As Macau’s gaming industry sees revenues decrease and high-rollers look to take their money elsewhere, operators have had to shift their focus and resources to capture a bigger slice of the mass market, which includes opening up their non-gaming elements.
Amid this shift, operators have had to respond to the changing dynamic by retraining and reshuffling staff in a bid to make their workforce more adaptable, resulting in less demand for some skills and professions than previously.
It was recently announced that the number of full-time employees in Macau’s gaming sector rose 1.3 percent year-on-year in 15Q2 to 57,422, while the number of dealers dropped by 2.5 percent to 25,072, according to official data.
Average earnings in June, excluding bonuses and allowances, of full-time employees stood at MOP21,480 ($2,689), up 6.5 percent year-on-year, while dealer average earnings increased 6 percent to MOP18,580.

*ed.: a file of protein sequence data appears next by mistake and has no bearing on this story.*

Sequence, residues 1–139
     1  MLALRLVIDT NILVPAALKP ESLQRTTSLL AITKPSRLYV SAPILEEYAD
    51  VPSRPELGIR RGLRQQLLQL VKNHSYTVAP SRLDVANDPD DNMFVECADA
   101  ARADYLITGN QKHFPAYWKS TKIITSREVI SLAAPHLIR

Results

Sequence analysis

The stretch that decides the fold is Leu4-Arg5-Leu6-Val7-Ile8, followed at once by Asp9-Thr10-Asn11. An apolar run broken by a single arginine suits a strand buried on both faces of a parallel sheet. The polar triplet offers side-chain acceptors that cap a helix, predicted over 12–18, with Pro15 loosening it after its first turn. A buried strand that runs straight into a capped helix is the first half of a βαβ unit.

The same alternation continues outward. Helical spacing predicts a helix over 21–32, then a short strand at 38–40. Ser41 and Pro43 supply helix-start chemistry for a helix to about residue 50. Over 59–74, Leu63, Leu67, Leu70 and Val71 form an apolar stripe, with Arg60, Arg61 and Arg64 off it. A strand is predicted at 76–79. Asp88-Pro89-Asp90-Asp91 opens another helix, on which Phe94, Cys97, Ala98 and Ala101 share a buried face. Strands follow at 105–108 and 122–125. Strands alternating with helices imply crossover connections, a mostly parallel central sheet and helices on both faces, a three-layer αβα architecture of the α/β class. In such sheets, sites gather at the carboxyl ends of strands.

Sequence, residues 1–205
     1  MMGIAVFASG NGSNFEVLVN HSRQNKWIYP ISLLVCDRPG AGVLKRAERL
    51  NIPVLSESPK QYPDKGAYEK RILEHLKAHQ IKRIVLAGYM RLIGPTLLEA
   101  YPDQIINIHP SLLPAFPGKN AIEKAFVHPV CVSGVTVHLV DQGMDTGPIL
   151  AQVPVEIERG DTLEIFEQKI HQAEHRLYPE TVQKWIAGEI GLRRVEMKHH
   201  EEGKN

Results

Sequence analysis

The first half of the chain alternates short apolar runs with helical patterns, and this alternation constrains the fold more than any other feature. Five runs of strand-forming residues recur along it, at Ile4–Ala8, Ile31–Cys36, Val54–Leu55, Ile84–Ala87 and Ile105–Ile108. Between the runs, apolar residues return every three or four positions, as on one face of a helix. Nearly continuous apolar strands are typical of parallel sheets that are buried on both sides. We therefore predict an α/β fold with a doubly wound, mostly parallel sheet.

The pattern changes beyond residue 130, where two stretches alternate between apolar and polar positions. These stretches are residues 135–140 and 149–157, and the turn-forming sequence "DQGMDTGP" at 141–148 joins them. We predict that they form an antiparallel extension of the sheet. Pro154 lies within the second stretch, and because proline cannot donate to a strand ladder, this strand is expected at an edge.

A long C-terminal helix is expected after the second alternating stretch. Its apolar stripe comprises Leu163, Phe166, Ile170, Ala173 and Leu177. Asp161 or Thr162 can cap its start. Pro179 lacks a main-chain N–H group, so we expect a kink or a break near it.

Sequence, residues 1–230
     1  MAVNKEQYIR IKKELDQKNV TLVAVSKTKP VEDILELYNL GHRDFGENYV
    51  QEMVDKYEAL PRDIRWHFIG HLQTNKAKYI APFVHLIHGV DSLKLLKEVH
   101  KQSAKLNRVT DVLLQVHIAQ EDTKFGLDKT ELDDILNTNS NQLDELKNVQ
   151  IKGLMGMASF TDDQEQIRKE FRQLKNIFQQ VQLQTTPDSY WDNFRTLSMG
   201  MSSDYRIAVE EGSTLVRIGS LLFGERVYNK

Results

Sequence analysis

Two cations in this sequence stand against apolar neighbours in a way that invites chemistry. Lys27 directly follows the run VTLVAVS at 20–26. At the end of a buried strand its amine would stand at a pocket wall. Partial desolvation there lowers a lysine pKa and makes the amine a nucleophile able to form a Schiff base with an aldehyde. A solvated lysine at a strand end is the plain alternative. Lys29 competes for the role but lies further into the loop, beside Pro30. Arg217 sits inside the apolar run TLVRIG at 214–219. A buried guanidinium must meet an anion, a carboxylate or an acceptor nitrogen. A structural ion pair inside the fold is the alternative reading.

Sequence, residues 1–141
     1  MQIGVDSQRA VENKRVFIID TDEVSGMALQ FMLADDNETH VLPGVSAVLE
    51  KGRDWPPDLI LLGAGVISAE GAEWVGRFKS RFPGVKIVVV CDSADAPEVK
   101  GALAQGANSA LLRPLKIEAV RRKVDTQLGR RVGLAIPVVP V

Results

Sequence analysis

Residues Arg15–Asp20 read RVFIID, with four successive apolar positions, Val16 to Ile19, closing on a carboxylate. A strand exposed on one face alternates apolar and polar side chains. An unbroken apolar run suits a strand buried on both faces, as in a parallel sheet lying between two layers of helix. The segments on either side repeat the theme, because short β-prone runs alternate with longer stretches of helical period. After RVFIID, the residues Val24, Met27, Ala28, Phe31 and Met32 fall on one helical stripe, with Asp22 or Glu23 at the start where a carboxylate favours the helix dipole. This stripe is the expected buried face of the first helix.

Dr Leanda Care, a research analyst on Asia’s casino industry for...
This Dossier results from the “Life After POGOs” editorial project by Asia Gaming Brief which culminated with a pop-up digital forum on 9th December to discuss potentials ramifications in the industry.
Analysts have turned more upbeat about the prospects for Malaysia’s gambling operators, despite a recent upswing in new Covid-19 cases, saying the sector is good value as stocks are still down between 15 to 26 percent on the prior year.
Frederic Jean-Marie Winckler, executive vice president and chief creative and brand officer of Melco Resorts & Entertainment, talks with Michael Penn, executive editor of AGB Nippon, about the future of the luxury market in Macau and beyond. Among the topics addressed are the growing importance of digitization and the direction of luxury trends within the premium mass segment.
Over the years, many of the answers have been remarkably prescient in their forecasts for the near-term direction of Asia’s gaming industry. However, we can safely say that no one came anywhere close to guessing
what 2020 may have had in store.
While nowhere in the world has escaped the economic fallout from the Covid-19 crisis, Macau has been hit harder than most, with forecasts for gross domestic product to shrink more than 50 percent this year.